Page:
I've always liked the early Qupe Viogniers, though they often (as were many of Bob's whites) were a bit on the volatile side. The Phelps were always a bit on the lean/tight side in their youth and I was not a particularly big fan of them. The LaJotas I never cared much for in their youth. They always seemed to have that typical rugged/rough/hard HowellMtn character and typically had a paucity of fruit....more like a Russian female lumberjack than DollyParton.
3. So..three of the four Viogniers were pretty impressive....not just good old bones and pleasing intellectual experiences, but truly terrific mature Viogniers w/ lots of richness, little aged character, and very complex. So...what makes me so friggin' brilliant to stash these wines away for 15+ yrs, to pull them out now....when we've been told by the wine authorities that Viognier doesn't age and you must drink them young? Well...I'm here to tell you...I'm totally clueless about older Viogniers. They're very much a crap shoot. I've had 4-5 10+ yr old ones over the last few months that were pretty much dead&gone, or on their last legs. I fully expected all four of these Viogniers to be DOA. But they wern't. Shows how little I know about laying wines down to age.
None of these Viogniers had that classic peach/pear/floral fragrance you get in young Viogniers. So, on that basis, most tasters would judge them over the hill. But, to my palate, they showed little to none of that slightly oxidized/hazelnutty/nutty character that mature white Rhones have. These were as good mature white wines as any I've had from Chard.
All four were served at cool/room temperature...the proper serving temperature for mature white wines. Serving them at the traditional cold temperatures in the upper 50'sF can frequently bring out a bitterness and greatly mute the aromatics these older whites offer up.
So....even though the wine authorities admonish us that Viogniers don't age and scold us to drink them young...sometimes the authorities don't have all the answers. Be adventuresome and stick a few away to age for 10+ yrs. Just don't ask me which ones these should be....I'm pretty clueless.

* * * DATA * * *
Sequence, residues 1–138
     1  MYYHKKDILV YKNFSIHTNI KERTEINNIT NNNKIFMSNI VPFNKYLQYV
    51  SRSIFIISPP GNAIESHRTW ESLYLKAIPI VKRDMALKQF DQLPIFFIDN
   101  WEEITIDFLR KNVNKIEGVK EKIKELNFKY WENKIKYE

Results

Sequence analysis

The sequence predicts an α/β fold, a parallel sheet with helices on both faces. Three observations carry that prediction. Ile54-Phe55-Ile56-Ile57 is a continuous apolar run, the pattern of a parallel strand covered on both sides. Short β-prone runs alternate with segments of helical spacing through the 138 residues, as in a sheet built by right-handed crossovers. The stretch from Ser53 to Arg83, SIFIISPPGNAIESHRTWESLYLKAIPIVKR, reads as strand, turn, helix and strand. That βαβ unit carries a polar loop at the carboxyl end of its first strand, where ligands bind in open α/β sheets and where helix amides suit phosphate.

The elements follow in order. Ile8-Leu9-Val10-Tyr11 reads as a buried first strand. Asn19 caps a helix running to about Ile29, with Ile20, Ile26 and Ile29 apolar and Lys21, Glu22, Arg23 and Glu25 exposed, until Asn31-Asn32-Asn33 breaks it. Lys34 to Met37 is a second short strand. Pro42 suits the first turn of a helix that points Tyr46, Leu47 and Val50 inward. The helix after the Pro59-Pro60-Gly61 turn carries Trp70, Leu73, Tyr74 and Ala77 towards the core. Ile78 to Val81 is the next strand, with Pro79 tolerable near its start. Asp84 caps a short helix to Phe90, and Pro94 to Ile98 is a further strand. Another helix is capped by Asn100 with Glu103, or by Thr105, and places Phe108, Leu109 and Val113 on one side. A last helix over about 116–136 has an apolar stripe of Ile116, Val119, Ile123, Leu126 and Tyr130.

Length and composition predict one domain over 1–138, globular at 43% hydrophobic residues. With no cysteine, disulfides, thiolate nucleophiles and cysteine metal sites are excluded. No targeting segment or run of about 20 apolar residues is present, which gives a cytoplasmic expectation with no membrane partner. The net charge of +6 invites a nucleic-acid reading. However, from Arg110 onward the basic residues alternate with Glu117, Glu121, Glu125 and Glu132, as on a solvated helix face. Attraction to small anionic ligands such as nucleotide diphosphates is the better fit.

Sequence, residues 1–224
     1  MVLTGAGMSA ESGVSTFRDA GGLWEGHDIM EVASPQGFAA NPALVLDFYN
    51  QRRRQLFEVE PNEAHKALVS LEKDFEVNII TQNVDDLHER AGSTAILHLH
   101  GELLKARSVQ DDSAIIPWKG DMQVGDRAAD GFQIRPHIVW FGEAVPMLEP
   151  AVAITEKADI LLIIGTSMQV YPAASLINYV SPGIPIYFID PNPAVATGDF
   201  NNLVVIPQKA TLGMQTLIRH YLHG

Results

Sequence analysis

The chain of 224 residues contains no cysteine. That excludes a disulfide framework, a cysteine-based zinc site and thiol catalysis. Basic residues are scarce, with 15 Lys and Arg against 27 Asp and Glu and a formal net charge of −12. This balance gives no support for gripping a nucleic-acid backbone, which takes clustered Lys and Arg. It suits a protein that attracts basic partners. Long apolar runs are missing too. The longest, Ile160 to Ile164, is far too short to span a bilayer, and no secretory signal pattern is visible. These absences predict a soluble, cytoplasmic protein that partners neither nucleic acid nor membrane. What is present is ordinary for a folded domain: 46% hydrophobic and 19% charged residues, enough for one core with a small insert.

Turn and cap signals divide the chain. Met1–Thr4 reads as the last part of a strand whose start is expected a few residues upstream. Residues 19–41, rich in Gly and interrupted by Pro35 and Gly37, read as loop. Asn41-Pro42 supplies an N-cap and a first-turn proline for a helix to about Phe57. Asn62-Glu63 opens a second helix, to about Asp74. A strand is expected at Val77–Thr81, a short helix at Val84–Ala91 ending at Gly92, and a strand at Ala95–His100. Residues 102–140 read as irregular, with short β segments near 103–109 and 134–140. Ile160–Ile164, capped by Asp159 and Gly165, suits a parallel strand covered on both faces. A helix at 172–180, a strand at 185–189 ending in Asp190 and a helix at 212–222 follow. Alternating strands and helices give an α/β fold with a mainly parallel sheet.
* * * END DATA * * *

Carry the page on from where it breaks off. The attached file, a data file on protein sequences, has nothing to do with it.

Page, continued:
4. Learned a new trick from JoshJensen about opening older wines. Oftentimes the cork can be dried out and crumbly, well-attached to the neck of the btl, and the centre of the cork rips out when you try to pull it. Josh related w/ older corks, aftern you've driven the corkscrew into the cork, it helps to give the cork a slight downward push to break the seal w/ the next, then proceed to remove it w/ a pull. Worked quite well at home on the LaJota.

  1. So I tried the LaJota again that afternoon at room temperature (the original try was on the cool side, upper 50'sF), probably in the mid 60'sF. Much/much better:
  2. 4. LaJota HowellMtn/NapaVlly Viognier (13.0%) 1989: Some nutty/hazelnutty/Rhonish rather honeyed/floral slight earthy fairly complex nose; bit tart rather earthy some nutty/hazelnutty light honeyed/butterscotchy smooth/round slightly lush flavor; long rather earthy honeyed/creme brulee slight butterscotchy/toasty finish; far/far better on the palate w/o the hard/raspy/bitter component, more textured and nuanced.
    1. This wine was far better at a warmer temperature than it was early in the morning at a cold temperature. I attribute the vast change in character merely to the warmer temperature. Some would assert that it was merely that the wine was allowed to "breathe" for 8 hrs, but I doubt the oxidation was the culprit. There was virtually no change in color (that I could note) that would indicate oxidation was taking place. Hmmm....I've always wondered how much of the so-called "breathing effect" is merely due to change in temperature of the wine.
    Anyway, this wine was far/far better at a warmer temperature. These old whites should really be served at cool room temperature to maximize their pleasure, IMHO.